SAN FRANCISCO — The #1ReasonToBe panel at the Game Developers Conference 2013 was generally understood as a panel about gender concerns in the video game industry. Panel organizers Brenda Romero and Leigh Alexander made it clear through their slate of speakers for the 2014 edition of #1ReasonToBe that the panel is about diversity in the video game industry, which goes beyond concerns only about gender.

Romero’s opening remarks were a reminder as to why gender continues to be one of the highest profile issues in the conversation about diversity, however. “This morning, it’s shitty to wake up to Twitter and see that someone got groped at a party last night,” said Romero, referring to news that someone had been ejected from harassing women at a GDC party thrown by Sony the night of Wednesday, March 19. “It’s been a good year, but we’re still going, and we still have further to go.”

The discussion about the role of women in the video game industry has slowly built up steam over the last couple of years. In 2012, furor over booth babes, often-scantily clad women at expos and conferences whose purpose is to entice people to check out a company’s display, at E3 came to a head. Female developers felt booth babes created an atmosphere in which men assumed that women staffing booths couldn’t possibly be game developers, or that women developers weren’t taken seriously when they identified themselves as such. Female video game journalists were dismissed as being incapable of playing their E3 demos. These were not new problems, but in 2012 critics decided they were tired of dealing with these problems silently.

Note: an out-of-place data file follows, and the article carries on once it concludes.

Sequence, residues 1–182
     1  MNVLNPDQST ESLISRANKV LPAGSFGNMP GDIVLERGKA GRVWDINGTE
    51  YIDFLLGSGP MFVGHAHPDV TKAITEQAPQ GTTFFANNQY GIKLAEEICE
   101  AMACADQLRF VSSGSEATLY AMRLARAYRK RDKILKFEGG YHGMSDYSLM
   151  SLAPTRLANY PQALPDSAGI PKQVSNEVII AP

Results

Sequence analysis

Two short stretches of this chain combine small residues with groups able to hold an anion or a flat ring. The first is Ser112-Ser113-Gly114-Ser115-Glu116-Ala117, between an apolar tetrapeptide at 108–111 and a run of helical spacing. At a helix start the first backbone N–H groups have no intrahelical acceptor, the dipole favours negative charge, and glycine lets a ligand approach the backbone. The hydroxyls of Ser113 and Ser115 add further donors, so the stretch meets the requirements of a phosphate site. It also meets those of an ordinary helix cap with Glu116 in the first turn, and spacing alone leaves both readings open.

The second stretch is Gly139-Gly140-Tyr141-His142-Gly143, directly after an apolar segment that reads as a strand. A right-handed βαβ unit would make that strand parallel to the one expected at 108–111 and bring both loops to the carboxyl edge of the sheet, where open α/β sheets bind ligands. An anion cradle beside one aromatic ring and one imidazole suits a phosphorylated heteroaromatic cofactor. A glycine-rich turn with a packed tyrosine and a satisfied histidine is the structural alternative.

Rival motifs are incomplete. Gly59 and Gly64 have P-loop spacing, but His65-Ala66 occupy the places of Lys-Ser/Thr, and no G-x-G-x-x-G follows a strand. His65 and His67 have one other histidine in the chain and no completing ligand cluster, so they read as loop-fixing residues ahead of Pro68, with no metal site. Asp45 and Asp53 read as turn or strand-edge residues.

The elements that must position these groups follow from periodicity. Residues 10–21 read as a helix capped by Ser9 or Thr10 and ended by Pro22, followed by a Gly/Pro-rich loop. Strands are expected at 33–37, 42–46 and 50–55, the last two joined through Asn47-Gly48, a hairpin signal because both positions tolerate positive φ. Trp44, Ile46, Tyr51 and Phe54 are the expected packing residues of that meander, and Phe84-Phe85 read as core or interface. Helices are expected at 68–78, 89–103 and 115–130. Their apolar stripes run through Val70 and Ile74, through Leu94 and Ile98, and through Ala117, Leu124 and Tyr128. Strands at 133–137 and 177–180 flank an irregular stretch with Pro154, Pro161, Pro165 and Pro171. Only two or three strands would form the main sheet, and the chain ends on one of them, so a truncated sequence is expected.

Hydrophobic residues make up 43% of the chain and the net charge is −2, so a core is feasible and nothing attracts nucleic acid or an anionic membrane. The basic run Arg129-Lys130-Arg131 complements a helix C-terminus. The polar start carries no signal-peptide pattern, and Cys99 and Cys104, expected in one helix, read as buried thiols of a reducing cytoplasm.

Understanding #1ReasonToBe in the context of gender issues specifically is understandable, considering the panel’s origin as part of this larger conversation about the role of women in the video game industry. In late 2012, a conversation began on Twitter about why there weren’t more women in the video game industry. The tweets were tagged with “#1reasonwhy.” Video game scriptwriter and narrative designer Rhianna Pratchett acknowledged the importance of that question, but she wanted to reframe the discussion with a new hashtag, “#1reasontobe,” to discuss all the reasons why it was important for women to push through the barriers to entry and be a part of the video game industry.